Harvey Model Ship
The Harvey was a Baltimore Clipper
About the Harvey wooden scale Model Ship
This model ship of the Harvey was custom built from the following information:
- The original construction drawings.
About the construction of the Harvey wooden scale Model Ship
- The hull is built using the Double Plank-on-Bulkhead construction method
- The bulkheads and keel are cut from marine grade pine plywood
- The first layer of planking is done plank by plank using Mahogany planks
- The second layer of planking is done using Mahogany Veneer strips
- The deck is made of Anagre, a light brown timber from the Amazon
- The gunwale and stringers are made of American Walnut
- The fife rails and pin racks are made of American Walnut
- The deckhouses and gangways are made of Teak
- The masts and yards are made of Mahogany dowels
- The sails and ropes are made of linen
- The model is painted with acrylic paint
- The ornaments are cold cast in bronze and painted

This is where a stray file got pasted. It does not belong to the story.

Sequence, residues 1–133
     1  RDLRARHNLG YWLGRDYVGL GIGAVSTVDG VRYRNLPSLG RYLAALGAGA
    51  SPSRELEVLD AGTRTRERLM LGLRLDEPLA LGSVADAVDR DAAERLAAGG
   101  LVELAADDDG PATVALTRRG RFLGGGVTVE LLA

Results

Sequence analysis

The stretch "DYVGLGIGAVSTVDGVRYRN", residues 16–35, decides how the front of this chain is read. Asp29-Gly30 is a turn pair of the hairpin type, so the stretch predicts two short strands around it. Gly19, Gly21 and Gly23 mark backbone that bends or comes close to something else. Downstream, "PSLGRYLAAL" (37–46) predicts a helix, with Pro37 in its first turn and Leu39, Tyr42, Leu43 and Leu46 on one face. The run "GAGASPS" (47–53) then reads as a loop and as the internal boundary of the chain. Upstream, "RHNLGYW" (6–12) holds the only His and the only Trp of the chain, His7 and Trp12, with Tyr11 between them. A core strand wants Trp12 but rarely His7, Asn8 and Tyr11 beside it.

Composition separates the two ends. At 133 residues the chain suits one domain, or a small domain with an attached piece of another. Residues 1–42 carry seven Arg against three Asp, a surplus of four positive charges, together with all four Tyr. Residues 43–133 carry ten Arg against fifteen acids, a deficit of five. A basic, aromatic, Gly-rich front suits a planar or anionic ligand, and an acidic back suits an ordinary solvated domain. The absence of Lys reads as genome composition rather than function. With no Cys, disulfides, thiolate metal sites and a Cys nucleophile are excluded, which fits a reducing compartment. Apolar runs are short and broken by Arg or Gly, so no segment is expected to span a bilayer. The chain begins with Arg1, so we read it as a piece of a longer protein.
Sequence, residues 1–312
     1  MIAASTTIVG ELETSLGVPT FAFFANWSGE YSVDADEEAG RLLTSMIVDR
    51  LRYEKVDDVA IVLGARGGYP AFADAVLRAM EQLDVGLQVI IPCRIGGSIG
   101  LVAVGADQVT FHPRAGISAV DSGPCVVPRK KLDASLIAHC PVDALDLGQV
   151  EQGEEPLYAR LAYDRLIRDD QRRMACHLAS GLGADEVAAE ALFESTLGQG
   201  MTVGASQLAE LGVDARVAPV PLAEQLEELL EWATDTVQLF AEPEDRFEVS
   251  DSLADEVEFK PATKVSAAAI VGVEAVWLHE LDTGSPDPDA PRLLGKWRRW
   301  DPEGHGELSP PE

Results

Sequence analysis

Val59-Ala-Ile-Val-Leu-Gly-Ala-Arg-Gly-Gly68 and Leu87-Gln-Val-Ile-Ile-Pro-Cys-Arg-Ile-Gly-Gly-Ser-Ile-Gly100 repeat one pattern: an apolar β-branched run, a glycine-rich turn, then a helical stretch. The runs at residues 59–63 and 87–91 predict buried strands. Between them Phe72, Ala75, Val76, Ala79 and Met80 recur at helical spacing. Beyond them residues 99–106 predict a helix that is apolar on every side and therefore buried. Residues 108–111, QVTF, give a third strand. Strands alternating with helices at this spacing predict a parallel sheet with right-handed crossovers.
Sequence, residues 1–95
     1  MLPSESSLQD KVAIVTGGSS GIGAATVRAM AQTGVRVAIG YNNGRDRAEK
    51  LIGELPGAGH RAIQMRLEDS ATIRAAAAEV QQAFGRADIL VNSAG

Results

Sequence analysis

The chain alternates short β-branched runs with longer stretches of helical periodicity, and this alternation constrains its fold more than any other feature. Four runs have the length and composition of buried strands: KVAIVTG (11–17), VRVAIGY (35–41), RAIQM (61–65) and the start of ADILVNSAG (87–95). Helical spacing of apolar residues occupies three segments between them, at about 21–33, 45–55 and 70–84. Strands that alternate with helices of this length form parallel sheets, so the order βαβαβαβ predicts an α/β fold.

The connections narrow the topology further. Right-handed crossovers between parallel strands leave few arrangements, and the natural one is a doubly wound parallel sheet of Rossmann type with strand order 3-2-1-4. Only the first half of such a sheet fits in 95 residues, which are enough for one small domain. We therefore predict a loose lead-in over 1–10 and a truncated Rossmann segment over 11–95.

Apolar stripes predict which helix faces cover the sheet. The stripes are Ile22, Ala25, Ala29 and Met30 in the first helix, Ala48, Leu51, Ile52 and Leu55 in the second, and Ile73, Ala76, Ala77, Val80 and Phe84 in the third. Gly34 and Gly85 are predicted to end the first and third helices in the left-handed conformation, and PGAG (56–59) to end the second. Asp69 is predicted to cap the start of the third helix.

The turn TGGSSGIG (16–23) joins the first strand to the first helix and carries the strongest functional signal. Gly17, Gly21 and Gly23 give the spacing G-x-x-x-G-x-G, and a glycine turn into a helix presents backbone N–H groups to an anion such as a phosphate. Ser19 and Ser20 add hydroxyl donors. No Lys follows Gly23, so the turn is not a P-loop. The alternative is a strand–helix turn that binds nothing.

History of the Harvey
The Harvey was a clipper of the early age and was built with only 2 masts. The main American clippers were built by William Webb at Baltimore and by Donald McKay at Boston. The Harvey was launched 1847.
They were called clippers because of the high speeds they could develop in favorable weather conditions. The Clippers were used as blockade-runners during the American war of Independence. They were later used in the opium and slave trade, but the USA Government countered this move by arming their own clippers.
It had been discovered that California had a great deal of natural wealth, and as a result, many people from the East Coast emigrated thereby using the fast clippers as a mode of transport. They found the wagon trains across land slow and dangerous. The gold strike in 1849 encouraged people from all over to pour into California.
Clippers such as the Harvey were used to transport businessmen, provisions, and utensils to this new land of riches. This caused San Francisco to triplicate its population in only 10 years.
The later clippers were built with 3 masts for the ever-increasing demand for speed and volume.
Unfortunately, the extended railroads, the Panama Canal and the Suez Canal in 1870 caused the death knell for the Clippers. They became uneconomic, but will never be forgotten in that golden age of sailing ships.
Member of The Nautical Research Guild